Several groups had previously reported that encapsulation of N. meningitidis impedes interaction with epithelial or endothelial cells preventing their invasion or transversal [144]. It was reasoned that relevant binding sites such as the bacterial outer membrane proteins Opa and Opc proteins were masked by the capsule [145]. It has recently been shown in a study with mutants unable to inactivate capsule expression that fully encapsulated meningococci are well capable of adhering to HBMEC. Invasion of N. meningitidis in HBMEC was mediated by Opc binding to fibronectin, thus anchoring the bacteria to the a5p1-integrin receptor on human BMEC surface [116].

Invasion of N. meningitidis into HBMEC has been shown to involve c-Jun kinases 1 and 2 (JNK1 and JNK2) as their inhibition significantly reduced meningococcal invasion in HBMEC [93]. Another factor essential for meningeal invasion by N. meningitidis seems to be an adhesin located at the tip of type IV pili, PilC. Meningeal invasion of meningococci was associated with an increase in the expression of this adhesin [146].

5. agalactiae (Group B streptococci)

Invasion of HBMEC by S. agalactiae was shown to require active bacterial DNA, RNA, and protein synthesis, as well as microfilament and microtu-bule elements of the eukaryotic cytoskeleton. The streptococcal polysaccha-ride capsule reduced the invasive ability of the organism [119]. The bacteria were found inside membrane-bound vacuoles within the cells, suggesting the bacteria might induce their own uptake.

A streptococcal adhesin just recently identified for HBMEC is the fibrinogen-binding protein fbsA, which mediated attachment to the BBB but failed to support invasion of the cells [118]. Using microarray systems and knockout bacteria a recent study determined the p-hemolysin of S. agalactiae to be the principal provocative factor for activation of HBMEC. It was found that streptococcal infection induced a highly specific and coordinate set of genes known to orchestrate neutrophil recruitment, activation and enhanced survival (e.g., CXC family chemokines IL-8, Gro-a and p, IL-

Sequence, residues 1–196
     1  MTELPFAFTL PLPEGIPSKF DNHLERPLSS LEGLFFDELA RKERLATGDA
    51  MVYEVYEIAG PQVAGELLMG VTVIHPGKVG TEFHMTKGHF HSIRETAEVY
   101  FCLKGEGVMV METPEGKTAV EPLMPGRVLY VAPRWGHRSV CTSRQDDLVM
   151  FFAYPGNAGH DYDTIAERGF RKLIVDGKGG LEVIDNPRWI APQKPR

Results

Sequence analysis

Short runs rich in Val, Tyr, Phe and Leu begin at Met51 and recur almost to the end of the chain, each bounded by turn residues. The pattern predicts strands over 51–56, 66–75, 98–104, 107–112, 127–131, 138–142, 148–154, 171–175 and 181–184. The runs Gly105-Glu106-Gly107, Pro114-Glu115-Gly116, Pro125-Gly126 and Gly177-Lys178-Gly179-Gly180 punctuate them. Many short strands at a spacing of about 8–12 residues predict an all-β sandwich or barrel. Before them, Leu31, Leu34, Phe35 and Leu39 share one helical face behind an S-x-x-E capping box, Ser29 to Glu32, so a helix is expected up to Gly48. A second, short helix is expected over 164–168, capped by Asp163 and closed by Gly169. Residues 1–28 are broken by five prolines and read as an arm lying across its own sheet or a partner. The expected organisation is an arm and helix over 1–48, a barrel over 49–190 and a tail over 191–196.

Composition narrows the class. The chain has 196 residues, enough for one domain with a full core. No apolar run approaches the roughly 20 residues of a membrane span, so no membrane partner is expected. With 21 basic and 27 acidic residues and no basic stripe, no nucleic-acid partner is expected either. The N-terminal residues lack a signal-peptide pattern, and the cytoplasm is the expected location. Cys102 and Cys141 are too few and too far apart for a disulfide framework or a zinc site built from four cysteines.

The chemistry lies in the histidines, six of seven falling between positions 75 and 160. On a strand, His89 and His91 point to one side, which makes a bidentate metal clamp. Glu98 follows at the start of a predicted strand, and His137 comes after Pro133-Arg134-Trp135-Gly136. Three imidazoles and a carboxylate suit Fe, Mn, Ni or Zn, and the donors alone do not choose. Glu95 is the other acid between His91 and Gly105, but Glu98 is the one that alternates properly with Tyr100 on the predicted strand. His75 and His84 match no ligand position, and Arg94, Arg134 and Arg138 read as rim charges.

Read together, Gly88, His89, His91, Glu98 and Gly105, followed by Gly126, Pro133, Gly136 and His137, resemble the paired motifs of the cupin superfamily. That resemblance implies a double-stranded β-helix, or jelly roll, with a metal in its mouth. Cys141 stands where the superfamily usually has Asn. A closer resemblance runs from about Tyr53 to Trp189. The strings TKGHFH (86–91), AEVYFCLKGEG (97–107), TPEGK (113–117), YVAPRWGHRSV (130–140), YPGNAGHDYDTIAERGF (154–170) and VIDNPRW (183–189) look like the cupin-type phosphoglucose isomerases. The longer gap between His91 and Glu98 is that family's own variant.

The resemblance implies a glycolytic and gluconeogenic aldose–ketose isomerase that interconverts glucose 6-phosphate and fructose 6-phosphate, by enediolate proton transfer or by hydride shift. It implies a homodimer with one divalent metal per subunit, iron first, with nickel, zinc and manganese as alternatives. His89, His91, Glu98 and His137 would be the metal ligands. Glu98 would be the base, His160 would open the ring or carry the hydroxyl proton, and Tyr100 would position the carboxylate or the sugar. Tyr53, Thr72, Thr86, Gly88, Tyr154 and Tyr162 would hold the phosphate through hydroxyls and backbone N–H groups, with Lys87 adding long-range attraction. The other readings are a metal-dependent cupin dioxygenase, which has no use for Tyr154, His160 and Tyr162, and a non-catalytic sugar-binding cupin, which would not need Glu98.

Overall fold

6, granulocyte-macrophage colony stimulating factor (GM-CSF), myeloid cell leukemia sequence 1 and intercellular adhesion molecule 1).

The bacterial capsule, in contrast, was believed to rather conceal the pathogen's surface to diminish host recognition. The authors concluded that the innate immune response of the BBB endothelium to S. agalactiae is to activate circulating neutrophils under modulation by specific bacterial virulence determinants [91].

S. suis

In studies using a porcine microvascular endothelial cell line, S. suis was shown to adhere to the cells [49, 97]. In addition, intracellular survival and some degree of invasion were observed. A cytolysin was noted to be mainly responsible for endothelial damage [49]. Besides damaging a cellular barrier with the help of suilysin, S. suis was shown to bind to porcine and human plasminogens on its surface; this could then be activated into an endogenous plasminogen activator. As acquisition of plasmin activity is a mechanism by which invasive bacteria can enhance their capabilities to destroy cell integrity this capacity may affect blood-CNS barrier permeability and contribute to the invasive potential of S. suis [147].

Experiments using porcine CP epithelial cells highlighted that S. suis is also able to markedly affect the barrier function and cell integrity of the

CP epithelium [110]. Further investigations revealed that the infection with S. suis induced cell death both by apoptosis, indicated by strain-dependent DNA fragmentation and caspase activation, and by necrosis, shown by the increase of cell membrane permeability and release of nuclear high mobility group box 1 protein [111].

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The term vaginitis is one that is applied to any inflammation or infection of the vagina, and there are many different conditions that are categorized together under this ‘broad’ heading, including bacterial vaginosis, trichomoniasis and non-infectious vaginitis.